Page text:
Research shows successful outcomes for young people with HIV

Sentebale report dissemination event

Dr Michael Evangeli, from the Clinical Psychology Department at Royal Holloway University, in collaboration with partners in Botswana, has completed a three-year study of Sentebale’s network clubs and camps programme, which revealed the improved wellbeing of 10 to 19-year-olds living with HIV in Botswana.

Funded by Viiv Healthcare, the study assessed the effectiveness, perceived impact, and experience of our package of psychosocial support offered to young people living with HIV and their caregivers in Botswana.

Dr Evangeli presented findings of the study during an event attended by representatives from the Botswana Government, UNICEF, and the US President’s Emergency Plan for AIDS Relief (PEPFAR), in Gaborone, Botswana earlier in 2022.

Young people and their caregivers, across the 14 sites where the research took place, agreed that the clubs and camp were a supportive environment and brought a sense of togetherness, acceptance, and freedom to be themselves. They felt a lot of gratitude towards the programme, that the intervention changed their perception of their HIV diagnosis, making them more optimistic about the future. Both young people and their caregivers reported positive attitudes towards taking medication, high self-esteem, strong social support, and a positive sense of hope. The report found there were reductions in mental health symptoms for young people and an increase in HIV knowledge for both young people and their caregivers.

Dr Evangeli said; “The results not only show positive outcomes for those in Botswana but also have implications for young people with HIV globally. This gives us a greater understanding of how young people and their caregivers are coping and how the support from Sentebale translates into improved wellbeing. Many young people who are diagnosed with HIV feel very alone with their condition and may have only recently been told they are HIV positive. Sentebale helps them to interact with others who understand the concerns they face. Many times, young people with HIV are told not to talk about HIV to others in their community, so start to feel isolated. This is where projects like this really can change the lives of those affected by HIV.”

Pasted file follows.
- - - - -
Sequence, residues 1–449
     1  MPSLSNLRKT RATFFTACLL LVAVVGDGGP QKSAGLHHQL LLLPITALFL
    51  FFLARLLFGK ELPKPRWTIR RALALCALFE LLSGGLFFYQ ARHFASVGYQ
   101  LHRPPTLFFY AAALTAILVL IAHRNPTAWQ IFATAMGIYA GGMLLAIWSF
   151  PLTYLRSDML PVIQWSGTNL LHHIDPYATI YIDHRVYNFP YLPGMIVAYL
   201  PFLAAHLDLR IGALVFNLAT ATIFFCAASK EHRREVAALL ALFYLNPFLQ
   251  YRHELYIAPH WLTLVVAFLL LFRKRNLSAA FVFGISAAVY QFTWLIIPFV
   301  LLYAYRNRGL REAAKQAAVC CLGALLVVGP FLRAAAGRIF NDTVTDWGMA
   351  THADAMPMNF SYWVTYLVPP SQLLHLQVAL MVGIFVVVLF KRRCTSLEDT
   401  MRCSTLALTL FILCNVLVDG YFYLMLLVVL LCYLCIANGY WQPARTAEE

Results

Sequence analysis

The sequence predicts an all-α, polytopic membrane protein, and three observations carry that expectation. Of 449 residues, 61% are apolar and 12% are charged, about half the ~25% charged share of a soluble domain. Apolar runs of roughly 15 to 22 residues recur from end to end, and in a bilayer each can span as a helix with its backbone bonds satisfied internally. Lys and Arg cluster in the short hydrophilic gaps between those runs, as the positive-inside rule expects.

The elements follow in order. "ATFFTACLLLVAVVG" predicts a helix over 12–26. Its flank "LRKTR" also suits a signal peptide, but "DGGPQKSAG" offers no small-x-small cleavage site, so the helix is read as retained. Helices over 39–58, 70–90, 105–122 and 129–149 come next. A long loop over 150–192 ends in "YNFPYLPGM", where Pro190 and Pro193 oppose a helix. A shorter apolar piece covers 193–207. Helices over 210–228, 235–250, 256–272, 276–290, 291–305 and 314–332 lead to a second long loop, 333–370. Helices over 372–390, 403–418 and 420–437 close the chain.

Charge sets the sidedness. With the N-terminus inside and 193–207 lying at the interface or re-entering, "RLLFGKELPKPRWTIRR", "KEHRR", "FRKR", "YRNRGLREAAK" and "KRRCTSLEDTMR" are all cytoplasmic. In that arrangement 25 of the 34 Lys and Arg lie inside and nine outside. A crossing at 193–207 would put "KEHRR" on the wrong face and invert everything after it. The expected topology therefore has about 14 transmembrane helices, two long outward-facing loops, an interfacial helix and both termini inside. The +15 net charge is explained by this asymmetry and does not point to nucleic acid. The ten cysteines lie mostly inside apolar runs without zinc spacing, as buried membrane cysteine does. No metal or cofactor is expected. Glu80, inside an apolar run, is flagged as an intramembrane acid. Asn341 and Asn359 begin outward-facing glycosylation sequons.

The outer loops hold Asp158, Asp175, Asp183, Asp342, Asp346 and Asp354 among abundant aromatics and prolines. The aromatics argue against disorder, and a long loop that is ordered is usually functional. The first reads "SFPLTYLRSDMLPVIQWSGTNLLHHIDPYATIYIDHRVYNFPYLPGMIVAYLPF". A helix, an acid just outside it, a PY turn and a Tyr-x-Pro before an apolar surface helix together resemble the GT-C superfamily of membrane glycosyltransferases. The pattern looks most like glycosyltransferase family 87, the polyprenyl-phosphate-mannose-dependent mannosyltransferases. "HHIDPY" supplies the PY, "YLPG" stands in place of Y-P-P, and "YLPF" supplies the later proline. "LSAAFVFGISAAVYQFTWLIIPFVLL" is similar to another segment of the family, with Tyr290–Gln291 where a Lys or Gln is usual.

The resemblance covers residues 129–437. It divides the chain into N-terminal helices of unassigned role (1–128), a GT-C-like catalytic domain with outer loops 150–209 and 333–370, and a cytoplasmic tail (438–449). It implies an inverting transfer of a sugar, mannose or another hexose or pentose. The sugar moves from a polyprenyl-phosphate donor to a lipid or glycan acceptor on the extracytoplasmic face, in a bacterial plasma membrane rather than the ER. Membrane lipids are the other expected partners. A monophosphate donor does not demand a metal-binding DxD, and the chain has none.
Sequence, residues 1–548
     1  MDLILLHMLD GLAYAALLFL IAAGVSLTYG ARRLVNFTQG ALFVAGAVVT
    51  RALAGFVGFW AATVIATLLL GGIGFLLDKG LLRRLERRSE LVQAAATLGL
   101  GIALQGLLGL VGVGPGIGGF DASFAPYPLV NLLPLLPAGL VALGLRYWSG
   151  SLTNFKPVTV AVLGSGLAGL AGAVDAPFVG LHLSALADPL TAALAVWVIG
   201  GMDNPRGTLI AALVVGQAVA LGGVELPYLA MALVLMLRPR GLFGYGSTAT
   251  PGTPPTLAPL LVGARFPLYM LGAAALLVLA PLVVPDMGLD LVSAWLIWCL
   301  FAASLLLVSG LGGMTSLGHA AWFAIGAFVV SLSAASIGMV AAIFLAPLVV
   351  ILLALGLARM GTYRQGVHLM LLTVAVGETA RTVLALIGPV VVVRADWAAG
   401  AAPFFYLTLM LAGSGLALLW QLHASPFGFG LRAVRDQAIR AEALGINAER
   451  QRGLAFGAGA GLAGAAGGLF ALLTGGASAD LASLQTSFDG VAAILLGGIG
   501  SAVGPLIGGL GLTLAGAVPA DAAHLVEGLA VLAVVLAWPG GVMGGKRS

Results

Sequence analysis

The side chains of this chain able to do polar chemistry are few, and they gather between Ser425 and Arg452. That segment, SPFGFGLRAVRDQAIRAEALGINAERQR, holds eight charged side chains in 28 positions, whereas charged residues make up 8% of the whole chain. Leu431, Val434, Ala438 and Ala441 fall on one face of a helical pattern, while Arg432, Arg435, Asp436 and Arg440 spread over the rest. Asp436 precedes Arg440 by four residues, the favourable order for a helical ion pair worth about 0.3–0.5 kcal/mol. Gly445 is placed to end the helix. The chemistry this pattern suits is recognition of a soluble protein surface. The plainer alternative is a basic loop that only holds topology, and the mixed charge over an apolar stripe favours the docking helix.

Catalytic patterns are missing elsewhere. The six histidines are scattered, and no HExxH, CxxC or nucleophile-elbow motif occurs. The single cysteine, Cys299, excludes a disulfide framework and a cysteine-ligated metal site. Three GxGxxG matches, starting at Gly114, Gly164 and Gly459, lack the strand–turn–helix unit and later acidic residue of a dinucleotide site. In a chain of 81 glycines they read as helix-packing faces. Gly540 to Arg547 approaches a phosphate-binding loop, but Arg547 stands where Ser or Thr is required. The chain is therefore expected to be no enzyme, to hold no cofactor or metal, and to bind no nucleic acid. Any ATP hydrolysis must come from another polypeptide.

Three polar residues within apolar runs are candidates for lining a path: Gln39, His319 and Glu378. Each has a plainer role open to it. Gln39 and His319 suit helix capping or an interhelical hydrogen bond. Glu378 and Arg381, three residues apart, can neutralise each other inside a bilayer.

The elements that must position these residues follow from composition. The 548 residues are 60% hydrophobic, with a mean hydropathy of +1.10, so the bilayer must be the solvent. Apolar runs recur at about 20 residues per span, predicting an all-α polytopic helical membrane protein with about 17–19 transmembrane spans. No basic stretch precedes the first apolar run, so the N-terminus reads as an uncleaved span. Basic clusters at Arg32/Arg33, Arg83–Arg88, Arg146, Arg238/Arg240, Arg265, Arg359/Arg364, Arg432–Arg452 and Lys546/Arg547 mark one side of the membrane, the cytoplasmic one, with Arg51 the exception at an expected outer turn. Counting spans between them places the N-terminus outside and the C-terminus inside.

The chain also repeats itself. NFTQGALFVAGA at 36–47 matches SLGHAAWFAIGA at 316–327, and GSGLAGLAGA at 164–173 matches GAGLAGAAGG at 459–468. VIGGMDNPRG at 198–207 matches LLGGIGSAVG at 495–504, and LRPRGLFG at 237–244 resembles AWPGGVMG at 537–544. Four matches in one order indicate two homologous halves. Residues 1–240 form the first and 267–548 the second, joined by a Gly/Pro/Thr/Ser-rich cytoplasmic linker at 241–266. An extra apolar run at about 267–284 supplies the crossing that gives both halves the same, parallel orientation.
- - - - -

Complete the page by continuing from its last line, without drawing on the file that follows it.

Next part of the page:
Sentebale runs residential camps and monthly clubs at healthcare facilities to improve the wellbeing and adherence to medication of children and adolescents living with HIV. Together, through peer-led activities they learn about the virus, how to take their medication, how to tackle some of their daily challenges, and importantly they create support networks with their peers, caregivers and healthcare professionals.

Richard Miller, Sentebale CEO said; “This study demonstrates the positive impact of Sentebale’s approach to date and helps us understand how we can adapt and improve in the future. The quantitative and qualitative data gathered provides proof that camps, clubs, and groups can be beneficial for young people living with HIV and their caregivers. As we seek to rebuild our programme, following the COVID-19 pandemic, we will use these findings to ensure a continued evidence-based approach that delivers value for money and responds to the expressed needs of children and young people.”

Bakang’s Story – Sentebale Youth Advocate and HIV Activist

For privacy reasons Vimeo needs your permission to be loaded. For more details, please see our Privacy Policy.
I Accept

The research for the study was carried out in Botswana with the help of ACHAP, which provides technical assistance and health-focused capacity-building and has successfully supported HIV and TB prevention, care and treatment.

Quotes from young people and their caregivers

“I learned a lot from the club meetings… I’m not the only one infected and it does not mean that’s the end of life.”
Sentebale Clubber

“I took the teaching into practice and started to take my medication every day, and on time, and it helped me because my virus is now suppressed.”
Young person living with HIV

“Before the programme started, we always had to remind him when it was time for him to take his medication. He can now take his medication without anyone having to remind him. Whenever he is having a trip at school, he will notify us for us to prepare enough medication for duration of the trip. When he gets there, he will also inform us to call the teacher accompanying them to keep his medication on his behalf.”
Caregiver

Full report available here.

Get in touch here to find ways to partners with us.